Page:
If you’re beginning or even considering a website redesign, interviewing users early in the process is paramount. Gartner Research asserts that, by 2020, customers will manage 85% of their relationships without ever talking to a human. Therefore, your online presence and, more specifically, your website will be at the forefront of all communication with potential customers. By conducting interviews, you can ensure that your website is designed and built with your customers in mind, addressing needs and wants that have been voiced by actual users.
How to Do User Interviews: Process & Guidelines
I always recommend hiring an unbiased third party to conduct customer interviews. However, if you are determined to do it in-house, make sure to read my Best Customer Interview Tips and Techniques from a User Interview Expert article prior to scheduling. The rest of this article will walk you through the whole process: from selecting who to interview to properly recording your answers. I have also included a free user interview questions template that we use at Intechnic when conducting website user research. This template will not only help you keep track of your interview notes, it will also help you prepare for your next steps in developing a successful website design strategy.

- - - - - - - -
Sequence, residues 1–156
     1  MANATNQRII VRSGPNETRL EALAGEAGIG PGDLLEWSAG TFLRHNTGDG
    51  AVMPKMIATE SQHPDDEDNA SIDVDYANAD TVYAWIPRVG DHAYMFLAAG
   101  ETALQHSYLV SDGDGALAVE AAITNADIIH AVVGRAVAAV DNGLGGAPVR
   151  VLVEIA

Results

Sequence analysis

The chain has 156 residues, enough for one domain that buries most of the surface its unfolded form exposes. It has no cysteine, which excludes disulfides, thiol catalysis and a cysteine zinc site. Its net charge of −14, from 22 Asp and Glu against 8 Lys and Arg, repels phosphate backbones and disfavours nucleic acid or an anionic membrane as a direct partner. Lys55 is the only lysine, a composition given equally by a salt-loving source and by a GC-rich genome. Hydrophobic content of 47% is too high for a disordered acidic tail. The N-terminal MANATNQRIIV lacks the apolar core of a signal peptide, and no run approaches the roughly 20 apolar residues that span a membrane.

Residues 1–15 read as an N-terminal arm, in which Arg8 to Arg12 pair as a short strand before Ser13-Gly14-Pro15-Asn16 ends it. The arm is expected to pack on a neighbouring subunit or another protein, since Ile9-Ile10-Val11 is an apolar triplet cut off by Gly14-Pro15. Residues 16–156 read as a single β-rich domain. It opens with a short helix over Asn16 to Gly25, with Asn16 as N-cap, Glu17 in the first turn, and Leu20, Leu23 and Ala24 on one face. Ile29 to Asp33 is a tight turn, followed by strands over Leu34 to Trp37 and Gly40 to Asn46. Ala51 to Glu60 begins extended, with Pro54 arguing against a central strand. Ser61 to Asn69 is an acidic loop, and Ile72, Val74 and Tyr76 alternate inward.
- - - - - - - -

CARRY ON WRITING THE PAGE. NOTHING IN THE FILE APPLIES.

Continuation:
1. Identify and Segment Your High Value Customers
To kick off your user interview process, you must first determine whom you need to interview. This will largely depend on your website's business objectives. For example, if your website's objective is to generate more leads, you should focus on bringing in quality leads, not just any leads. Therefore, you should aim to interview and understand your best customers. We at Intechnic call these High Value Customers. or “HVCs”. These are your most profitable, most loyal customers with the smallest attrition rate, lowest acquisition cost and highest lifetime value. If you have not yet identified HVCs, read our article, How to Calculate Your Customer Lifetime Value (CLV) & Identify Your High Value Customers. This will help you find ideal candidates to interview.